What can I say, Disneyland is my favorite run of the year. Running through the park before-hours, running around Angel Stadium, participating in a race with over 11,000 participants… the energy, the support, the thousands of volunteers, the fantastic organization, no run I do beats this. It may not be Boston or New York, but it’s amazing.
So when I look back and see that I preferred to socialize over perform, I have no complaints. I spent the first five miles with Harry, took my first ever half marathon bathroom break, and walked with Harry through a couple of water stops. I also spent the last few miles with a MMA-fighting entrepreneur, running with a brand new eight-inch plate on his tibia, waited for him at the water stops, and enjoyed the time meeting someone new. And after the socializing, I didn’t push myself or make any extra efforts, I just ran for fun and training and had a fun time. So if 8:30s wasn’t my best run (closer to my worst), I’m still happy. I had a fun run, I came out ready to walk all day long, and complain the least of the family over pain… enjoying the entire trip.
Overcast, 80 degrees, man was this better than last year! I was disappointed a little that we didn’t get to run through Angel’s stadium again, but the in-park portion of the course was better attended by characters, parade floats were out and turned on, and the run through the park was even better than I remember. With water at ten of the thirteen mile points, thousands of spectators, cheerleaders, scout troups, and more, this is definitely the best of the races I’ve done, and I look forward to doing it again next year.
I started out with a 1:45 pace group, and having the support, distraction, and people to talk to kept me at a strong pace, and pushed me a few times that I needed pushing, and kept me happier in times that I needed nothing. Rachel was a great pacer, though a bit of a cynic, and kept me chuckling at her comments on “training the spectators” and her commentary on racing throughout the world. Her helpful comments like “relax on the downhill and stay perpendicular to the ground” or “pump those arms and get yourself up this hill” helped keep us at a steady pace, up and down, and her group seemed to stay strong.
At mile ten, after sprinting through to “high-five” the hands of scores of boy scouts, I decided to keep my break-away lead from the pacers and push the last three miles, as I did in my last PR. And like Shamrock’n, I was able to keep the pace up, knock out a few miles at a 185+ HR, and take a few minutes off my steady pace. I loved it, and am very glad to add this to my results page, especially when I see that I’m in the top 4% of racers and top 8% of my AG. w00t! An average HR of 177 and max of 195 says I really did push myself, but it stayed sub-180 for the first ten miles, and only in the final push did I spike upwards.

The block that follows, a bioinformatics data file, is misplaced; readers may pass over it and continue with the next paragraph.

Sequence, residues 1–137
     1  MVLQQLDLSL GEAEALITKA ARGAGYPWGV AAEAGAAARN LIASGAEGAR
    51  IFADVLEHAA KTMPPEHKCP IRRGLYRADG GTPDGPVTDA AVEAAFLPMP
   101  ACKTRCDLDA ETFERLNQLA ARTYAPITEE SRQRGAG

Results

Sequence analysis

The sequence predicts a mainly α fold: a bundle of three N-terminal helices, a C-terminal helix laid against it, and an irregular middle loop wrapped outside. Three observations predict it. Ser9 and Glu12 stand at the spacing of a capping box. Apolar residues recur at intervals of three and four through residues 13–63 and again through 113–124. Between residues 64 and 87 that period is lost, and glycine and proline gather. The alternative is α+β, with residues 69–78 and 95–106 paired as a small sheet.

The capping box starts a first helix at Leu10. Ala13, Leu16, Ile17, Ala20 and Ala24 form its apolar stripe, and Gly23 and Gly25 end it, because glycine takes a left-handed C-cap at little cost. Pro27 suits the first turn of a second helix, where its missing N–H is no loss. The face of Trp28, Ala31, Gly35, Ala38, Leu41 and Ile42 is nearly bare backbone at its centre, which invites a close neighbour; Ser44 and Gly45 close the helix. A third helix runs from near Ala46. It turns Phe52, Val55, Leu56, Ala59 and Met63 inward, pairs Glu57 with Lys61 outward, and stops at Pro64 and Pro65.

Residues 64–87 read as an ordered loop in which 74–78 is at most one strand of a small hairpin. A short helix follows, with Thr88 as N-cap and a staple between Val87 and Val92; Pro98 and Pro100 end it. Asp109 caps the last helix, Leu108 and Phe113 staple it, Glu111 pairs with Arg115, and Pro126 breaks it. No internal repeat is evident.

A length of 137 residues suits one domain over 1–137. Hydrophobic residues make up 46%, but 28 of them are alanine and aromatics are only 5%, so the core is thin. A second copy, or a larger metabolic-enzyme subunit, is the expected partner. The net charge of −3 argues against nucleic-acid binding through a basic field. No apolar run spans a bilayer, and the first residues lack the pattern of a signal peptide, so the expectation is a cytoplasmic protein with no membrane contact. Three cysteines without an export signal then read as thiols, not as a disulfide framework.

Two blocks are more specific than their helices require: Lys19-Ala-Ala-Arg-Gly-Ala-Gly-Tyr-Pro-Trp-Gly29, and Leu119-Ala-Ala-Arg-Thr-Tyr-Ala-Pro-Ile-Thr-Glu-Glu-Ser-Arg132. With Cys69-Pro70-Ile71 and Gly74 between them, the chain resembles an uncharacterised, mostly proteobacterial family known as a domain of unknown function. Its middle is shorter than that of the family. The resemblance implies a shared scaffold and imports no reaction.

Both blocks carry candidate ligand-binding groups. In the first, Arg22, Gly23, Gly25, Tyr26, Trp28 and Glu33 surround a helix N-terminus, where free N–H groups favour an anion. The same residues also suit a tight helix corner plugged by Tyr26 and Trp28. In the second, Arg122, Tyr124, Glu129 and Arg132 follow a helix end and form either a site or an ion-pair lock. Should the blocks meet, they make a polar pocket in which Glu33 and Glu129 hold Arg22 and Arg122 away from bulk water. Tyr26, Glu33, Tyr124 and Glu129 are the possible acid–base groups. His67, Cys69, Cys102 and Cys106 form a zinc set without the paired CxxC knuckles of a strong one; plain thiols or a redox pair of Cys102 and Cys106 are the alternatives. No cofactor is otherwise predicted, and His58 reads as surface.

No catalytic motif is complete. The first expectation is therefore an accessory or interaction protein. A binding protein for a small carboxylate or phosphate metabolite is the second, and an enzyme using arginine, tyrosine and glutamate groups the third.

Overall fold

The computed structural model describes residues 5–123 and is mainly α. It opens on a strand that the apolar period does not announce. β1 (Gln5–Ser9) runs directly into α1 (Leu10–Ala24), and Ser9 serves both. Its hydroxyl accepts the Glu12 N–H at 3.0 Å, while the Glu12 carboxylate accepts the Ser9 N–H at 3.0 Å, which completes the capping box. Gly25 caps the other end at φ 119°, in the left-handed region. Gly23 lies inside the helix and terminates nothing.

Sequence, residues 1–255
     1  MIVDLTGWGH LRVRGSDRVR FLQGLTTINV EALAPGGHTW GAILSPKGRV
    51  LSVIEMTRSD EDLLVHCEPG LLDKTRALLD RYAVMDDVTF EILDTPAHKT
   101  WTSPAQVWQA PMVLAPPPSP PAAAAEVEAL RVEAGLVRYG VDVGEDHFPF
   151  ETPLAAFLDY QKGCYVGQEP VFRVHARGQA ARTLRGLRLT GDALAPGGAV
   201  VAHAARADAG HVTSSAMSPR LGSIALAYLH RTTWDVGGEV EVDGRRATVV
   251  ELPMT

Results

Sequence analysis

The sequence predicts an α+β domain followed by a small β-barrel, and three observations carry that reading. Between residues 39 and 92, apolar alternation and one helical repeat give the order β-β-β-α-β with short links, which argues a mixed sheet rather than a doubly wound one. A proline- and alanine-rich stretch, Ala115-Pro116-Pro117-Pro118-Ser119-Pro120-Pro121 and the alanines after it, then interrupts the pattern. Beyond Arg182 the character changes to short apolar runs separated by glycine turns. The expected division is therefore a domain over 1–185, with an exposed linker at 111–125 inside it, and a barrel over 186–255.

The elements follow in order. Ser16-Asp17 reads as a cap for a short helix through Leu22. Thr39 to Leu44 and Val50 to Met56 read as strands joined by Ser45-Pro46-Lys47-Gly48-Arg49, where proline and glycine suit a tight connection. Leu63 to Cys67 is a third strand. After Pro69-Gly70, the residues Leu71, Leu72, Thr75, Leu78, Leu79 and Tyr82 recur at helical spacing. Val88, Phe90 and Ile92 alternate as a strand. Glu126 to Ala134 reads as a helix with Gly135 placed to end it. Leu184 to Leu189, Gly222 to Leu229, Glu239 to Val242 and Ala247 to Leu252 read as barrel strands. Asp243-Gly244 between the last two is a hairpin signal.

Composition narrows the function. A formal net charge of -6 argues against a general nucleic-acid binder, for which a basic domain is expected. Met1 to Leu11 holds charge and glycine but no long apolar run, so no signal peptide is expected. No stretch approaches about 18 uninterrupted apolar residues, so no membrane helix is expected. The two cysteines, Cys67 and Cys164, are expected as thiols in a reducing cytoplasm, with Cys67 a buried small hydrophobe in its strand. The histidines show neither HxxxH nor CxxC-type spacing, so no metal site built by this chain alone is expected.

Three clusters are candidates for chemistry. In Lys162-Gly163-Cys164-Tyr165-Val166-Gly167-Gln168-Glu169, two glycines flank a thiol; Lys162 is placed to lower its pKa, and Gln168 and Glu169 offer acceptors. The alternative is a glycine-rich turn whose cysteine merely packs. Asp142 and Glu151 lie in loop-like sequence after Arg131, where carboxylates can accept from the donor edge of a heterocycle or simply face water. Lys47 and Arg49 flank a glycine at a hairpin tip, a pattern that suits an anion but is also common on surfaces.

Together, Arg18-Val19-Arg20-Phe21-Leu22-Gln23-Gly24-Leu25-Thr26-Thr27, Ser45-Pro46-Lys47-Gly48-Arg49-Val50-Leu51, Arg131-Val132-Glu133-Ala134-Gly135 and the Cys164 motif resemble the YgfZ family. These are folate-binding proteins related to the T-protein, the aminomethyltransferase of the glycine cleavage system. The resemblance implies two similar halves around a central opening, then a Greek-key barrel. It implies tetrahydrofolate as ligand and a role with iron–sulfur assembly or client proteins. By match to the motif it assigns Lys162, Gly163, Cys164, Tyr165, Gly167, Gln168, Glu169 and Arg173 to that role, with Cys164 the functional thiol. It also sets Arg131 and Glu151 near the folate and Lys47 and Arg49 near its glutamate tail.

I trained less, and did better. Racing smarter, having help and support to push me, and knowing when and where I can push, cut another two minutes off my PR. Add in a flat race with great weather and fun, and this race was wonderful once again. I hope to be back next year!
Lowlights: ramping up to a 108 degree day, my time, my knee post-race, the size!
The first five miles looked about like the picture to the left…
For those of you who don’t get the reference, here it is another way: I passed 7,136 people while running, the majority of these in my first 5 miles. What this means is that my time was horrible (for me), to say the least. I felt like I was running intervals for those first miles, and yet, it was a whole lot of fun! The nature of the run kept Harry and I together for that time, because even if I’d wanted to go faster, I couldn’t. Sometimes he’d find a path through the people, and I’d sprint to grab it before it disappeared, sometimes I did. That in itself was a fun new scenario.
The day was about as awful as possible, Anaheim was the second hottest city in CA that day, at 108 degrees. The low during the night was mid-70s, putting our race in the 80s and 90s, with >50% humidity. Less than pleasant.
Fireworks went off at the starting line with the gun, which in itself was pretty neat. Then down the outside of the park along the streets, followed by a path through the employee areas into the back of California Adventure. Through CA Adventure, seeing characters there, and employees rooting you on. Then off to the main park, my favorite moment of which was when a character in the Mad Hatter costume is yelling “faster, faster!” in a great Hatter voice, while the teacups are spinning and the music is going behind him. Running through the castle, then back out to the streets.
Several of the rides were turned on, solely for our enjoyment. Then off across the freeway, through boring streets, marching bands playing along, high school cheerleader squads along the route, and lots and lots of water stations. Then through the inside of Angel’s Stadium and around the baseball field, then finally a return back to downtown Disney. The race logistics were solid, the support structure was great; 1900 volunteers and they were still short.
1:59:34 (9:07 min/mi, blech!), 1030 overall, 77th age group. Not good for me, but considering, I’m not too worried about it. I almost feel like it was more fun passing all the people, even with the time hit, just to say I passed over 7000 people! 🙂 Save the PR for another course, and another day. I had a great time, and a great vacation.